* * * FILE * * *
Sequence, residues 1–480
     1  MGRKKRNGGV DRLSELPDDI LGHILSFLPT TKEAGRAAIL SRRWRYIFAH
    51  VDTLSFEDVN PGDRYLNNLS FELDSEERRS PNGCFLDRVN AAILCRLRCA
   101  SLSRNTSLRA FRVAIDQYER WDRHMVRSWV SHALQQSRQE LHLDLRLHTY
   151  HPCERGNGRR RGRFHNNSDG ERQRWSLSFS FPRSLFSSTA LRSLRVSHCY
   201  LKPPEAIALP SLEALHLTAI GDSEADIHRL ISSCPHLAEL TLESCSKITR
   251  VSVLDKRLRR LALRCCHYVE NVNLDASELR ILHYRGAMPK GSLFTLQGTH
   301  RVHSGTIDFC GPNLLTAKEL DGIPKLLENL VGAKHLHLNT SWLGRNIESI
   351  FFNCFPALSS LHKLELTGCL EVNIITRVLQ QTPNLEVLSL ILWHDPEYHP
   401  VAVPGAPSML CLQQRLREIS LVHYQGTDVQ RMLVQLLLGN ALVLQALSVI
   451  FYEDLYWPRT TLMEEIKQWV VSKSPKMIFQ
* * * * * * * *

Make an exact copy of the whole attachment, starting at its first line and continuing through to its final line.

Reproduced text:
Sequence, residues 1–480
     1  MGRKKRNGGV DRLSELPDDI LGHILSFLPT TKEAGRAAIL SRRWRYIFAH
    51  VDTLSFEDVN PGDRYLNNLS FELDSEERRS PNGCFLDRVN AAILCRLRCA
   101  SLSRNTSLRA FRVAIDQYER WDRHMVRSWV SHALQQSRQE LHLDLRLHTY
   151  HPCERGNGRR RGRFHNNSDG ERQRWSLSFS FPRSLFSSTA LRSLRVSHCY
   201  LKPPEAIALP SLEALHLTAI GDSEADIHRL ISSCPHLAEL TLESCSKITR
   251  VSVLDKRLRR LALRCCHYVE NVNLDASELR ILHYRGAMPK GSLFTLQGTH
   301  RVHSGTIDFC GPNLLTAKEL DGIPKLLENL VGAKHLHLNT SWLGRNIESI
   351  FFNCFPALSS LHKLELTGCL EVNIITRVLQ QTPNLEVLSL ILWHDPEYHP
   401  VAVPGAPSML CLQQRLREIS LVHYQGTDVQ RMLVQLLLGN ALVLQALSVI
   451  FYEDLYWPRT TLMEEIKQWV VSKSPKMIFQ